to links to see updates:
Little River: Rate: 66 cfs at 1.30 ft.
(good wading conditions up to 250 cfs, and with extra caution up to 400 cfs)
Oconaluftee River: Rate 181 cfs at 1.21 ft.
(good wading conditions up to 500 cfs, and with extra caution up to 700 cfs)
Cataloochee Creek: Rate 30 cfs at 2.14 ft (good wading conditions up to 125 with
extra caution up to 150 cfs)
Little Pigeon River: It is a good bit below normal.
Hazel Creek and the other larger NC streams flowing into Fontana Lake:
According to customers, Hazel is low again but still okay to fish.
Current Recommended Streams:
Any of the streams above about the 2000 foot elevation.
Recommended Trout Flies:
Brown and White Belly Sculpins:
Hook Size 6
Cinnamon Caddis: (mostly Abrams but a few in all of the streams) 16/18
Green Sedges (Caddis): 14/16
larva (green rock worms)
Slate Drakes: 10/12
Little Yellow Stoneflies: 14
Little Green Stoneflies: 16
Light Cahills: 14/16
Cream Cahills: 14/16
Mahogany Duns: 18
Inch Worms: Hook size : 10/12/14
Green/Tan/Orange Hoppers: 10/12
Black Carpenter Ants: 16/18
Japanese Beetles: 16/14
Recommended Fishing Strategy:
Keep in mind, the strategies I am recommending is for the maximum odds
of catching numbers of fish. Many prefer or favor a dry fly and by all means there
isn't anything wrong with that. It's just a fact that if nothing is hatching at the time, it
reduces your odds of success. You can still probably hook some trout, just not as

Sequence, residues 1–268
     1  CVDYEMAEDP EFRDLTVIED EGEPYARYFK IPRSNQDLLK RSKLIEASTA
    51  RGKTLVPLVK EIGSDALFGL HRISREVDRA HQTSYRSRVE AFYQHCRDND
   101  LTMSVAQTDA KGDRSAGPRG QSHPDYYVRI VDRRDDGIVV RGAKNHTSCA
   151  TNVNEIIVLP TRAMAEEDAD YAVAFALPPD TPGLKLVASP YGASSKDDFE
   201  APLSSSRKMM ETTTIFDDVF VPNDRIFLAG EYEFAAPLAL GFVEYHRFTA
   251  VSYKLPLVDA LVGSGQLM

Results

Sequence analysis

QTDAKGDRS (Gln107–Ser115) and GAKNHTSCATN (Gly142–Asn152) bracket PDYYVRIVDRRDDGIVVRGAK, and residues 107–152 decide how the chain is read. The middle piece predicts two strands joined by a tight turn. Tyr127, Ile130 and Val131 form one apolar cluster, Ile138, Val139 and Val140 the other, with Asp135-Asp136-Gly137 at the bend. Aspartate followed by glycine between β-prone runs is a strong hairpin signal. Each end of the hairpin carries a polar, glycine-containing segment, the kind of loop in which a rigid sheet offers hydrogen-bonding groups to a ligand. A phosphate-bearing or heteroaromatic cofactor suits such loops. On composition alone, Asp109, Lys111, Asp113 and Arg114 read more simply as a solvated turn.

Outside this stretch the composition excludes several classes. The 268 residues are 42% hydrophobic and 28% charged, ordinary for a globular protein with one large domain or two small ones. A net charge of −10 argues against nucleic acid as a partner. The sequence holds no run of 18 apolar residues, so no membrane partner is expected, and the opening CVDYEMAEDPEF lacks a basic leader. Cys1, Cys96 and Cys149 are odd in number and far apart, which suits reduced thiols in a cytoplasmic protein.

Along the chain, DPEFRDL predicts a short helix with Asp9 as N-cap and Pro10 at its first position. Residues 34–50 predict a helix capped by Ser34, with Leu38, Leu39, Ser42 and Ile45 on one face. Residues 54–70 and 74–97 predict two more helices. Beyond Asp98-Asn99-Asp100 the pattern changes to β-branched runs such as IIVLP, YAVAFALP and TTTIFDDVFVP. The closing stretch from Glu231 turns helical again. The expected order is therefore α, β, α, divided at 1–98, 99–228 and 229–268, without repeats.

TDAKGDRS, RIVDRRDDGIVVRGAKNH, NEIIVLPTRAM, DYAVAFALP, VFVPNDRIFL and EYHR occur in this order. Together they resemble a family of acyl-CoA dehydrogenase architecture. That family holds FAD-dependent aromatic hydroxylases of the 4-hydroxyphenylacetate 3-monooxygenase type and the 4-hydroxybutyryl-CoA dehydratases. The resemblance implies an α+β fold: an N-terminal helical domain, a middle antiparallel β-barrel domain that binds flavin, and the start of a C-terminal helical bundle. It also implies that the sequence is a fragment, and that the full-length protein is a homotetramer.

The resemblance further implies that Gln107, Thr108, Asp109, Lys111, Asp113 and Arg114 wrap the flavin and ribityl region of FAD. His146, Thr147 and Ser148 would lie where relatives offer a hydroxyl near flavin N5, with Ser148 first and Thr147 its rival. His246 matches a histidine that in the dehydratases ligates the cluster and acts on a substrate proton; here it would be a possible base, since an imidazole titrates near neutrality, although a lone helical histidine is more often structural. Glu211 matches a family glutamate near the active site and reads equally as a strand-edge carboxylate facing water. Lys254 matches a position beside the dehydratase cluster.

many as if you fish subsurface. Of course, this is also based on using good
techniques and the right flies. Some guys don't know how to fish below the surface.
If you fished the day or two before and know where something is hatching, fish the
nymph or larva stage of it. If you haven't fished the day or two before, until I spotted
something hatching, I would fish the Slate Drake nymph. They are big swimming
nymphs that are easily caught and eaten by trout and are still hatching. If you spot
something else hatching (coming off the water), it will most likely be Light or Cream
Cahills. Change to the appropriate emerger, dun or adult imitations of the insect.
When the Slate Drakes, Light or Cream Cahills are hatching, there will be a spinner
fall late in the day. Often, you can catch more trout fishing the spinner fall quicker
than you can during the hatch. Change to the spinner imitation of the mayfly.
Little Yellow and Little Green stoneflies are hatching, but of course, these hatches
take place during the evenings. Both species of stoneflies crawl out of the water to
hatch. Fishing a Little Green Stonefly nymph or Little Yellow Stonefly nymph, very
late in the afternoon near sunset should produce. If you see the stoneflies depositing
their eggs on the surface of the water, switch to the adult imitation of the stonefly.
Cream Cahills are hatching. Look for them in the faster water areas. They will get
caught up in the fast water runs and riffles. Mahogany Duns should start hatching
Tips for Beginners:
Tips for the Self Proclaimed Experts:
Whatever Hits Me: